Deep learning for speech synthesis

Aäron van den Oord


With the advent of Deep Learning, Generative Modeling has dramatically improved, almost reaching the point that generated samples cannot be distinguished from real data. WaveNet has shown that it is possible to model high-dimensional audio so well that it can be used for speech synthesis, outperforming the best known methods such as concatenative and vocoder based systems. The main advantage of generative TTS, however, may be the flexibility of these learning-based approaches. The same system that learns to speak English fluently can also be trained for other languages, such as Mandarin, or even synthesize non-voice audio such as music. A single model can learn different speaker voices at once and can switch between them by conditioning on the speaker identity. It can also learn to adapt more quickly to new unseen data, learning new speakers from as little as a few sentences. Finally, generative TTS systems open the door to a wide variety of new applications, such as unsupervised phonetic unit discovery and speech compression.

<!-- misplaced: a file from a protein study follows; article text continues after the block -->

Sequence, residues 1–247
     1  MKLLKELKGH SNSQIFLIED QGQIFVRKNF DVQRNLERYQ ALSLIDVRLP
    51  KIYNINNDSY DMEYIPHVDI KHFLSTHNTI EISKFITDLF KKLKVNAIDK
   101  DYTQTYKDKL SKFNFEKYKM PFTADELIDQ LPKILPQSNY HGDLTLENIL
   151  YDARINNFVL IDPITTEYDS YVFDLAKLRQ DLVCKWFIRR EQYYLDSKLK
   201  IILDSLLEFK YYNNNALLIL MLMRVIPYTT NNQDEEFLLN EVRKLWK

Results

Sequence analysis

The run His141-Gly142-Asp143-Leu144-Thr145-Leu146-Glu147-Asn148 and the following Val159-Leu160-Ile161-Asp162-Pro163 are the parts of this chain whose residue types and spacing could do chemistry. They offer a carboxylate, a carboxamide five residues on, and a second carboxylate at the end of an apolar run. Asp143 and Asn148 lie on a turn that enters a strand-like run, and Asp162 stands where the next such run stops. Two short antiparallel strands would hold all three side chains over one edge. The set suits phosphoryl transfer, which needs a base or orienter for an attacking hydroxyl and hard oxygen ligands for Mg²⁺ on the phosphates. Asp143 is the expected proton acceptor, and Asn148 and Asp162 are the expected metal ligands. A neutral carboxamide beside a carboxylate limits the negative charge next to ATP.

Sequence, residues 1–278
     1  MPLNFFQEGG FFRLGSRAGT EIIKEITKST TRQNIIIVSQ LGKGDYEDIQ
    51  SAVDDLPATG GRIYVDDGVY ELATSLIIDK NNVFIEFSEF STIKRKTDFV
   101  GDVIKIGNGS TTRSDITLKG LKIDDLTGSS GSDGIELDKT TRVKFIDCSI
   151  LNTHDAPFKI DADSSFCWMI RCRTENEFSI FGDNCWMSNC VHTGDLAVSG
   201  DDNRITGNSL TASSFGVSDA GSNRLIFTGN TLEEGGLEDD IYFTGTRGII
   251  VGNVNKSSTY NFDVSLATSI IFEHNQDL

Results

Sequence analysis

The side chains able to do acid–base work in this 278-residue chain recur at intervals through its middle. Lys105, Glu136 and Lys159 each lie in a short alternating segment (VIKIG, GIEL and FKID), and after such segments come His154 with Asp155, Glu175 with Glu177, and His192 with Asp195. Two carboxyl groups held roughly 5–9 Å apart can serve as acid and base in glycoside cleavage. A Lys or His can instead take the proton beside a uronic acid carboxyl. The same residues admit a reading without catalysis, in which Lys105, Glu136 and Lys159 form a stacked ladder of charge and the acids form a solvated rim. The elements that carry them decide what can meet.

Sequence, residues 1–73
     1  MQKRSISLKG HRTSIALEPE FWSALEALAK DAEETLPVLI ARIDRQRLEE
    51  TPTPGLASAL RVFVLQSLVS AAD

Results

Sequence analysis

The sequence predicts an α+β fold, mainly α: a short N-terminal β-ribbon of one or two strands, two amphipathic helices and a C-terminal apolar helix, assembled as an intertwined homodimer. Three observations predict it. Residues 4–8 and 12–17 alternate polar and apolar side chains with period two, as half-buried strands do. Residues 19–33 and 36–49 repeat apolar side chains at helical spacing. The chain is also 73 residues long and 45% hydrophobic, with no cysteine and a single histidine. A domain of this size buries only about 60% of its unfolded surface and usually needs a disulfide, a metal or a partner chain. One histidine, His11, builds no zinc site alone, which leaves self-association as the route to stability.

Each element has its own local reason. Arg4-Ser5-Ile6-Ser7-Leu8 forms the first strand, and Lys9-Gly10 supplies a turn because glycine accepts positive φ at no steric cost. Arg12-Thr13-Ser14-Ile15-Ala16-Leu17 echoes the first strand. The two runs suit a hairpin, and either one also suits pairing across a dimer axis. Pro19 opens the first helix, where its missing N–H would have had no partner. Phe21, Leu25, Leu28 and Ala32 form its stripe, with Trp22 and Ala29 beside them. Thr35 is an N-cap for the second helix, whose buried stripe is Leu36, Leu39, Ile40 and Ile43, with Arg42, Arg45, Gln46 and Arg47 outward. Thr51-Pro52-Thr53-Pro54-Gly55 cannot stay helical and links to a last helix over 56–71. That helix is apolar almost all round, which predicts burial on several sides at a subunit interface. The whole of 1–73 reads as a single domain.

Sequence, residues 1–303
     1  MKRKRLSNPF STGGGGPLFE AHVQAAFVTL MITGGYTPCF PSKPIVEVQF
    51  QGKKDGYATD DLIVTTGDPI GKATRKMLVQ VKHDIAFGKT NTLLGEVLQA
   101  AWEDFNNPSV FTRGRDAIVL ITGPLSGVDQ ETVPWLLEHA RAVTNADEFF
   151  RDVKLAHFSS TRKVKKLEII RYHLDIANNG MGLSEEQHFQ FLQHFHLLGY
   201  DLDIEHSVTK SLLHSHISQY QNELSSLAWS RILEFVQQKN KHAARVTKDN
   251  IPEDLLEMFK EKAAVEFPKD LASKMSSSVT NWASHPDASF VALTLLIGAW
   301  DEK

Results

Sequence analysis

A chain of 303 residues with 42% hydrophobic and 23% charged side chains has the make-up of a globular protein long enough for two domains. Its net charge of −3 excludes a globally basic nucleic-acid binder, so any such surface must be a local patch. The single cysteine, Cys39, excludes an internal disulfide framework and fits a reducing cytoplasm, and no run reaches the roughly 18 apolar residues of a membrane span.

Cite as: Oord, A.V.D. (2019) Deep learning for speech synthesis. Proc. 10th ISCA Speech Synthesis Workshop.


@inproceedings{Oord2019,
  author={Aäron van den Oord},
  title={{Deep learning for speech synthesis}},
  year=2019,
  booktitle={Proc. 10th ISCA Speech Synthesis Workshop}
}